WA Legal Roundup
One new opinion out of the Supreme Court. It was a 9-0. This is a fairly big case for DUI Defense attorneys.
In an opinion that shouldn't really come as a shock to anyone, the Washington Supreme Court held that physical control under the influence is a lesser included offense of driving under the influence. Nguyen was charged with DUI. She had partially pulled off the side of the road and had been drinking and using a stimulant (search incident to arrest revealed cocoaine). The State argued during trial that physical control was a lesser included.
The court first gave the test for determining lesser included:
First, each of the elements of the lesser offense must be a necessary element of the offense charged. Second, the evidence in the case must support an inference that the lesser crime was committed." [State v. Workman, 90 Wn.2d 443, 447-48, 584 P.2d 382 (1978)]. As a threshold determination apart from the Workman test, the included offense must arise from the same act or transaction supporting the greater offense that is charged. State v. Porter, 150 Wn.2d 732, 738-40, 82 P.3d 234 (2004).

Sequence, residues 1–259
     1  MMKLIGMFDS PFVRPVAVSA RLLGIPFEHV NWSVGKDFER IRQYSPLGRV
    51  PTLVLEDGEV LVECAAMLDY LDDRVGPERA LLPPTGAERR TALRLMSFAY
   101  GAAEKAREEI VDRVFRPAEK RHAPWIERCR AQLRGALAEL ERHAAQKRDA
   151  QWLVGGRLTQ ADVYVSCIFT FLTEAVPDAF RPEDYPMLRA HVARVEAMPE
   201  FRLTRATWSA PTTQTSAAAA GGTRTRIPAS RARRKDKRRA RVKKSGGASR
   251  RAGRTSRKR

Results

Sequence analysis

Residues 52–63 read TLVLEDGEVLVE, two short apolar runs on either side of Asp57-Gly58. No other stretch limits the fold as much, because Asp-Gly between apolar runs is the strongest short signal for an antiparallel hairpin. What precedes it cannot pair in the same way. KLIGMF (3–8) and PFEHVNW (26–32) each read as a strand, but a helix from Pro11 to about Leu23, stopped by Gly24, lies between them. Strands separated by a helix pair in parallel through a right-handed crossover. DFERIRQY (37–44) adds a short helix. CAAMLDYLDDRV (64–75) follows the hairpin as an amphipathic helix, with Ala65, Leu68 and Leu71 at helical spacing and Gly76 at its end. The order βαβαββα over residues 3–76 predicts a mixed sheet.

Nguyen conceded that factually and legally it was included, but attempted to add a new prong: that the lesser included offense have a lesser penalty than the crime charged, a position adopted by other state. Physical Control and DUI both potentially carry the same penalties as gross misdemeanors. The court noted that, statutorily, RCW 10.61.006 provides only the legal and factual prongs, but not a lesser penalty prong. In addition, a treatise noted that states that adopted Washington's way of doing things were listed in a separate category from those that adopted the lesser penalty rationale.
The full holding is as follows:
There is no requirement under Washington law that an offense carry a potential penalty that is less than the charged crime in order to be an included offense for which a defendant may be convicted, even if not charged. We hold that being in physical control of a vehicle while under the influence of intoxicating liquor or any drug in violation of RCW 46.61.504 is an included offense of DUI. We affirm the Court of Appeals and uphold Ms. Nguyen's conviction for this crime.